Monday, May 10, 2010

Exotic Firing Mechanisms: Electrical

One of the more exotic firing mechanisms around is the electrical firing mechanism. Mr. W.W. Greener, in his book, The Gun and Its Development, mentions an electric gun that was developed around the 1860s or so by "a French Baron living in Prague".

In this gun (which was a muzzle-loading weapon), a large bichromate battery A is stored in the butt of the gun. To remove the battery, one must remove the plug B and the heel-plate C at the end of the butt to access the battery. An induction coil D is connected to A to step up the voltage. Because the coil vibrates a lot during operation, a small magnet F is placed inside the coil to minimize the vibrations. When the user pulls trigger K, this causes the nut J to partially turn and withdraws the rod H to the guide L and comes to rest at stop O. The circuit at OPR is now complete and generates a spark which fires the priming charge, which in turn fires the main charge, which fires the weapon.

Another weapon invented by Henri Pieper of Liege, Belgium, also had an electrical firing mechanism. This weapon was a breechloader and was invented around 1883.

The user carried the batteries in the pocket of his coat. A special pad was fastened to the shoulder of the jacket or shooting coat of the user and this pad was connected to the batteries in the user's coat pocket. When the user placed the gun on his shoulder, a metal conductor on the heel of the rifle butt would contact the special pad and allow electricity to flow through the weapon. The cartridges of this weapon were also special as shown below:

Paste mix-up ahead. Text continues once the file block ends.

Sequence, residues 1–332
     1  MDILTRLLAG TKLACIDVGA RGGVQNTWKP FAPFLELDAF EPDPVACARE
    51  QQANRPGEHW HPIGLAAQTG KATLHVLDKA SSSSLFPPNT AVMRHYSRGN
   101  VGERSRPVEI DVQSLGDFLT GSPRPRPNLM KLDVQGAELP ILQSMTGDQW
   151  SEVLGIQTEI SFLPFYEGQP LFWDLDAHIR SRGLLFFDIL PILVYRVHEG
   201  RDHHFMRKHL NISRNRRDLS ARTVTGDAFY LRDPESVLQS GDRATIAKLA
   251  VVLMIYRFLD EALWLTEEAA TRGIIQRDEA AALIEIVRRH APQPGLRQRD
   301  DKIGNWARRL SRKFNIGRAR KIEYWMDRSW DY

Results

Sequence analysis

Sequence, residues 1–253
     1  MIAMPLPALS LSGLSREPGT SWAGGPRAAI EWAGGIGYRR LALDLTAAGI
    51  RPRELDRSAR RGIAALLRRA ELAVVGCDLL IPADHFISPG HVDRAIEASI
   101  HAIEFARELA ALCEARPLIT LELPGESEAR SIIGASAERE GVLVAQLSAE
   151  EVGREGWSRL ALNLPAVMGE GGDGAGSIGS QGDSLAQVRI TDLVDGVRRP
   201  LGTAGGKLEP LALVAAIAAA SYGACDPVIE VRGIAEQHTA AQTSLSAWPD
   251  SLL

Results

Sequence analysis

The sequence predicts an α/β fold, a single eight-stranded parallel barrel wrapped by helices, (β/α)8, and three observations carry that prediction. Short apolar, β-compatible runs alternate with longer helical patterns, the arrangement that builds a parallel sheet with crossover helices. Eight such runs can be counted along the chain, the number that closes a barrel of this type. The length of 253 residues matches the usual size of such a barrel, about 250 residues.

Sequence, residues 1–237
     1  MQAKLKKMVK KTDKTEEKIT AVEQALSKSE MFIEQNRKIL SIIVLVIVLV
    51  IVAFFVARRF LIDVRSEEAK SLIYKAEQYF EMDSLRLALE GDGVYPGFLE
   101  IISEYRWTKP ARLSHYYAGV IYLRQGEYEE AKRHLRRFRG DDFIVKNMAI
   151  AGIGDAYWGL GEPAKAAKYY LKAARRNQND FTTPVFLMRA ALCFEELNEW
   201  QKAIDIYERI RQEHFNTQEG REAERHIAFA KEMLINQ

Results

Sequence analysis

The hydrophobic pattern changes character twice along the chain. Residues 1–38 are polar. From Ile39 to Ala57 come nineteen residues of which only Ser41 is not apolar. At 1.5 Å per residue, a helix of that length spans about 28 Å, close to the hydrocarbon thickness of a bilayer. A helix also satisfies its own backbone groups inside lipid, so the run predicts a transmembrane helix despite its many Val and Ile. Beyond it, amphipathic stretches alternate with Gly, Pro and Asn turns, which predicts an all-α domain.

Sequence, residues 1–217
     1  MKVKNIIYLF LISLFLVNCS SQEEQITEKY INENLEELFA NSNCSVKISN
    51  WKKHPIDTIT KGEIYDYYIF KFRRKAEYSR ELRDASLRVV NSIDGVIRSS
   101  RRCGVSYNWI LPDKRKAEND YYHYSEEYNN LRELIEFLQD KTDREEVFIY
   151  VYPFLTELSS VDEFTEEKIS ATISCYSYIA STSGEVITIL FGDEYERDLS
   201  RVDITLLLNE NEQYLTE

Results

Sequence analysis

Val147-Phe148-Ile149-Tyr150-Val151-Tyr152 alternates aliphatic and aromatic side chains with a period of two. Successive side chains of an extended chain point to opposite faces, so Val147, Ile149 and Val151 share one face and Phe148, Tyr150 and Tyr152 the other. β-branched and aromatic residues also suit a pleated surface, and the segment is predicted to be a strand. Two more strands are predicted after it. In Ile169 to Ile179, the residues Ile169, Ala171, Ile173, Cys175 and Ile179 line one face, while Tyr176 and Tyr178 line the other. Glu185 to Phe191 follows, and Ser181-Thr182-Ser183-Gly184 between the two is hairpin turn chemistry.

Each cartridge was made of metal. To one side was a metal stud A, another metal contact point B, and a connection C made of thin wire, which connected A and B. Upon pulling the trigger of the gun, electricity flows from A to B via the wire C which sparks up and triggers the primer and thereby ignites the gunpowder. This weapon was claimed to have a battery life of two weeks and could fire about a 1000 shots before needing to recharge the batteries.

These weapons never really caught on because they could not provide a mechanism that was more reliable than a centerfire cartridge. Making the cartridges was also relatively more complicated. However, this wasn't the end of line for an electric firing mechanism.

With the advent of caseless cartridge technology, at least two different companies, Voere of Austria and Metal Storm of Australia, manufacture weapons that use electronic ignition systems. Another weapon is the Remington EtronX that uses centerfire cartridges with an electronic ignition system. This weapon has a couple of 9 volt batteries in the butt, that supply the current to fire the weapon.

Electrical systems haven't caught on much yet because of a number of reliability issues, e.g. what happens if the weapon is accidentally dropped into water. However, it has the advantage of reacting faster than mechanical systems, so some research does still continue in this area of technology.

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